Saturday, December 01, 2012
(This story takes place about 10 months before the novel, Troubled Fields, begins.)
The scent of green cedar merged with the fragrance of oranges and tangerines to bring a heightened sense of peace with every breath. The chunk of hard ribbon candy lay sweet upon his tongue. That feeling, unknown at any other time and indescribable at any time, filled the air around him. In a strange but comforting way the wintery cold just beyond the door could be felt through the cozy warmth provided by the space heater. The steady whisper of butane feeding the flames that peeked through the ceramic grates in the heater promised increasing warmth as the day progressed. Coffee was percolating while Pat and Mary cooked and set the table for breakfast. The happy sounds of soft conversation and dishes rattling in the kitchen mixed with music from a new album on the stereo to make a music all its own. And the noise of kids playing with newly discovered toys was not noise at all. Things that were heard, seen, and smelled with a great sense of awareness and appreciation on this one day would simply blend unnoticed into the background on any other day. It was all part of a beautiful concoction that had come with the dawn and would be gone when all eyes in the house closed for another night's slumber. It was simply the best feeling to be had this side of Heaven, and it must be savored . . . every moment of it.
He could hardly force his eyes away from the tree. The presents piled beneath it were a decoration unto themselves. It would not be quite the same once their ribbons and bows were scattered across the floor along with piles of once beautiful paper reduced to so much garbage. But, for now, he found himself drawn to it all, strangely desiring to be absorbed into the the splash of colored light reflected in glass balls of red and blue and silver and green. It was as if the lights on the tree spoke of the One who could fix everything. Gazing into those lights, he felt that there was something there that could, but would not, offer an explanation. Was he to try to understand, or was he merely to wonder at the mystery of a lighted tree?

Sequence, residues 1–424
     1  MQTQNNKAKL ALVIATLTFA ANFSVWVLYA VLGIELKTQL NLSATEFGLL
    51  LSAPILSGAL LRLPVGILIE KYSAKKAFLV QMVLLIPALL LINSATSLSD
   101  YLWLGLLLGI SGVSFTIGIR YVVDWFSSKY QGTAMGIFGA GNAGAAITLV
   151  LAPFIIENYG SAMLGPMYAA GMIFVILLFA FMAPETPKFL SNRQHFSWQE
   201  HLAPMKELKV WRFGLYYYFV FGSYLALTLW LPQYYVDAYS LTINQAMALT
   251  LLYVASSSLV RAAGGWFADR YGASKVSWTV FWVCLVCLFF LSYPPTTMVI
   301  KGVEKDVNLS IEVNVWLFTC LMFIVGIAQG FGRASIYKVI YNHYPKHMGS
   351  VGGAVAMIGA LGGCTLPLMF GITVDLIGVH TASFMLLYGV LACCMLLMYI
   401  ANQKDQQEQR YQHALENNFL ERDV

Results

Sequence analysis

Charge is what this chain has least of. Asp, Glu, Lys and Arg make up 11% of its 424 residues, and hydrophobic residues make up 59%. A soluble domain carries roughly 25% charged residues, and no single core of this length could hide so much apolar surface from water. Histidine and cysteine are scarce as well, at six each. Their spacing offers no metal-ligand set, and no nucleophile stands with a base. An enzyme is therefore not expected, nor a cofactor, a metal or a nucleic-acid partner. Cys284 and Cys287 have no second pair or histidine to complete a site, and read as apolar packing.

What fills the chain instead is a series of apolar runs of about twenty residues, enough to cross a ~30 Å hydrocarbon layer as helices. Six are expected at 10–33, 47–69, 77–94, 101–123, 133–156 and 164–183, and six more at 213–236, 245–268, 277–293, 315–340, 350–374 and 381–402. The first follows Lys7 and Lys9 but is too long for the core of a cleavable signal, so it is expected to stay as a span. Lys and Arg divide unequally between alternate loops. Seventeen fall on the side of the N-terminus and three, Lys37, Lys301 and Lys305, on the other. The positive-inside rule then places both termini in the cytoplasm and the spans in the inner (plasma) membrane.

"Ray?" the voice repeated softly, evenly.
He could hear, but he could not turn away from the tree.
"Ray?" the voice said yet again in almost imperceptible insistence.
Forcing his head to turn toward the voice, he found himself gazing into those beautiful brown eyes. Unmistakeable . . . and how strange.
"Laura. . . . Laura! . . . I've missed you!" He struggled to say. Just the sight of Laura kindled a long abandoned happiness within him.
She reached out and cupped his face in her hands as if it was something she did every day. But, he couldn't remember any other day. The softness of her touch moved him. He closed his eyes and reached for her to pull her to himself for a kiss. He found himself reaching into thin air. Opening his eyes now, Laura was standing before him with the baby in her arms.
"Emmy!" Ray said smiling. "Merry Christmas!" He reached for her, but Laura held the baby closer to herself. "Can I hold her?" Ray questioned.
Laura stood there before him, suddenly detached. Her smile had faded and displeasure registered on her face.
"Laura? Can I hold her?" he asked again.
Laura backed away.
Ray stood and took a step toward them. "Hey, Emmy!" he whispered. "How 'bout a Christmas kiss for your old man?" The baby recoiled as if in fear and began to cry.
"See what you've done?" Laura scolded. "You messed it all up! Just go back. You don't belong here . . . with us."